Offices of Supervisory Jurisdiction (OSJs) are evolving with the financial industry to offer more support for the advisors and firms that are part of their networks, according to a study by AssetMark Inc., a consulting and support organization for financial advisors in Concord, Calif.

OSJs that offer the most services also tend to have the most advisors that charge fees rather than commissions and take in the most revenues, says the AssetMark study.

The changes are being made on the OSJ level because of increased competition in the industry, technology innovations, added regulations and continued consolidation, says AssetMark.

AssetMark has identified three types of OSJs that exist today: the traditional OSJ where the primary goal is to provide compliance supervision; the facilitator that offers supervision plus acts as a liaison between the advisor and the broker-dealer, and the business builder, which offers the other services plus marketing, training and practice management to its advisors.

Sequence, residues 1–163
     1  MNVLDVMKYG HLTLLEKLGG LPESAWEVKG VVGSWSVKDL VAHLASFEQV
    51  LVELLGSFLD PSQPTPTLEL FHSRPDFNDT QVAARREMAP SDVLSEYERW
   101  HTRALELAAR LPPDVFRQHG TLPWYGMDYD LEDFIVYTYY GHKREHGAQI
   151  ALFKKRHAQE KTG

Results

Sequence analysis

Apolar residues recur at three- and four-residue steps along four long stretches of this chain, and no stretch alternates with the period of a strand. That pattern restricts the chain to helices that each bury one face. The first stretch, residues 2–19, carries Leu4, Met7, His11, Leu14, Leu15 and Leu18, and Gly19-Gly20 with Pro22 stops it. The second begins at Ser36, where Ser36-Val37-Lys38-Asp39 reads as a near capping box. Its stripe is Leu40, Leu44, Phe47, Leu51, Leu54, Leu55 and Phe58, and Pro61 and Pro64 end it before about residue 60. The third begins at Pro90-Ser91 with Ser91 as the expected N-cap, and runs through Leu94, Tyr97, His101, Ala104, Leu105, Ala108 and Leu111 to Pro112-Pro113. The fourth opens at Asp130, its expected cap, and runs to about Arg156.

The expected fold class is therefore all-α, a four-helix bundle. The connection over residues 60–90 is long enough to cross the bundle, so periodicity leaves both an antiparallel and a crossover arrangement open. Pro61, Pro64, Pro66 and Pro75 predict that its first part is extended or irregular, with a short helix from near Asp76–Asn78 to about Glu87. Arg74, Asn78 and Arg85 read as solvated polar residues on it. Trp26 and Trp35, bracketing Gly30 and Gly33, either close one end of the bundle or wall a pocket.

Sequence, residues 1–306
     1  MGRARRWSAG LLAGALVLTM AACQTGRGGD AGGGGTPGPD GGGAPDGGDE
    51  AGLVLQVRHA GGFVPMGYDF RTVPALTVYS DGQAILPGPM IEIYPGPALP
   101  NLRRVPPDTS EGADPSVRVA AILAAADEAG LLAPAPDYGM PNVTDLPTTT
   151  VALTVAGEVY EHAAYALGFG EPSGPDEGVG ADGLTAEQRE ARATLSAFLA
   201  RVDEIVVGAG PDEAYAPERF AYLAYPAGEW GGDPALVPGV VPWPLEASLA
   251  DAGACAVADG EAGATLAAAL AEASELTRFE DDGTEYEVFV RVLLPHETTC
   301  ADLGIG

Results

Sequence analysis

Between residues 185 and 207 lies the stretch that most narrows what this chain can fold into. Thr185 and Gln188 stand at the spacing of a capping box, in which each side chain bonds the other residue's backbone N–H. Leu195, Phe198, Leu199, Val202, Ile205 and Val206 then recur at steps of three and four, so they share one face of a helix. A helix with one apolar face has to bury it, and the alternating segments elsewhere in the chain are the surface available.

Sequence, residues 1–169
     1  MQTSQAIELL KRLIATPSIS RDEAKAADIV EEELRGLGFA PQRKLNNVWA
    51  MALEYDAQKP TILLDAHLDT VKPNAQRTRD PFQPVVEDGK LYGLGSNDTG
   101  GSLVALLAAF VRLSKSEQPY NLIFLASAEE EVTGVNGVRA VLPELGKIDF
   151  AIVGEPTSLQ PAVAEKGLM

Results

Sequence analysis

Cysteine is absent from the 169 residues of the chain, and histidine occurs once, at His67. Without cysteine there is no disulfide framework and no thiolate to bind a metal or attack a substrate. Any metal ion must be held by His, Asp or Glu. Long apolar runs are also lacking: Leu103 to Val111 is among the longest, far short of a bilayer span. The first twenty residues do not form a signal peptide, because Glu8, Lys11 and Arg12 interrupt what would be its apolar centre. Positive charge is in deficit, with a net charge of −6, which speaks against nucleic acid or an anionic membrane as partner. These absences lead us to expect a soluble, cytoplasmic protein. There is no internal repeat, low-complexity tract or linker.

The advisors who are part of the business builder OSJs tend to generate a majority of their revenue from recurring AUM-based fees as opposed to commissions. AssetMark says for traditional OSJs 74 percent their advisors’ revenue is commission based, but for business builder OSJs 61 percent of their advisors’ revenue stream is fee based.

In the last three years, the most proactive OSJs, the business builders, have seen a 32 percent growth in revenues, while traditional and facilitator OSJs have seen a 12 percent revenue growth.

Business builder OSJs also have advisors who have higher average assets under management per advisor and higher revenue, AssetMark says.